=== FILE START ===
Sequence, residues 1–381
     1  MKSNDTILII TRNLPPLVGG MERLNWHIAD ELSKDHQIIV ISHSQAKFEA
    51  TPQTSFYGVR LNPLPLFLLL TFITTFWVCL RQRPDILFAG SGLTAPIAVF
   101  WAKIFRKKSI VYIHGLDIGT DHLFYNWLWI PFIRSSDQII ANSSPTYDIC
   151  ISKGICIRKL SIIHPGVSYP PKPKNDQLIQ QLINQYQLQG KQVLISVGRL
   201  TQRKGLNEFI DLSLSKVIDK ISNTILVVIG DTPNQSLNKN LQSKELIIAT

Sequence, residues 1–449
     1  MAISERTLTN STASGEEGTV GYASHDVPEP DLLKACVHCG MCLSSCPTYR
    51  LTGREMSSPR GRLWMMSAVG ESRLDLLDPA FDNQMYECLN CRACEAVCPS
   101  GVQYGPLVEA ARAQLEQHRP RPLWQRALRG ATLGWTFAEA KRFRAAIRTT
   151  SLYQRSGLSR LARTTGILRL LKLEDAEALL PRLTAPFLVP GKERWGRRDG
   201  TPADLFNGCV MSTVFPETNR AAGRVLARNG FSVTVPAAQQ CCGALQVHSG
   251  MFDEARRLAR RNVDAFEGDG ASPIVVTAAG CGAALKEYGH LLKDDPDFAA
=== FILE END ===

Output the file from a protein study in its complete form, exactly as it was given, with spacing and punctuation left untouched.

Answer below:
Sequence, residues 1–381
     1  MKSNDTILII TRNLPPLVGG MERLNWHIAD ELSKDHQIIV ISHSQAKFEA
    51  TPQTSFYGVR LNPLPLFLLL TFITTFWVCL RQRPDILFAG SGLTAPIAVF
   101  WAKIFRKKSI VYIHGLDIGT DHLFYNWLWI PFIRSSDQII ANSSPTYDIC
   151  ISKGICIRKL SIIHPGVSYP PKPKNDQLIQ QLINQYQLQG KQVLISVGRL
   201  TQRKGLNEFI DLSLSKVIDK ISNTILVVIG DTPNQSLNKN LQSKELIIAT

Sequence, residues 1–449
     1  MAISERTLTN STASGEEGTV GYASHDVPEP DLLKACVHCG MCLSSCPTYR
    51  LTGREMSSPR GRLWMMSAVG ESRLDLLDPA FDNQMYECLN CRACEAVCPS
   101  GVQYGPLVEA ARAQLEQHRP RPLWQRALRG ATLGWTFAEA KRFRAAIRTT
   151  SLYQRSGLSR LARTTGILRL LKLEDAEALL PRLTAPFLVP GKERWGRRDG
   201  TPADLFNGCV MSTVFPETNR AAGRVLARNG FSVTVPAAQQ CCGALQVHSG
   251  MFDEARRLAR RNVDAFEGDG ASPIVVTAAG CGAALKEYGH LLKDDPDFAA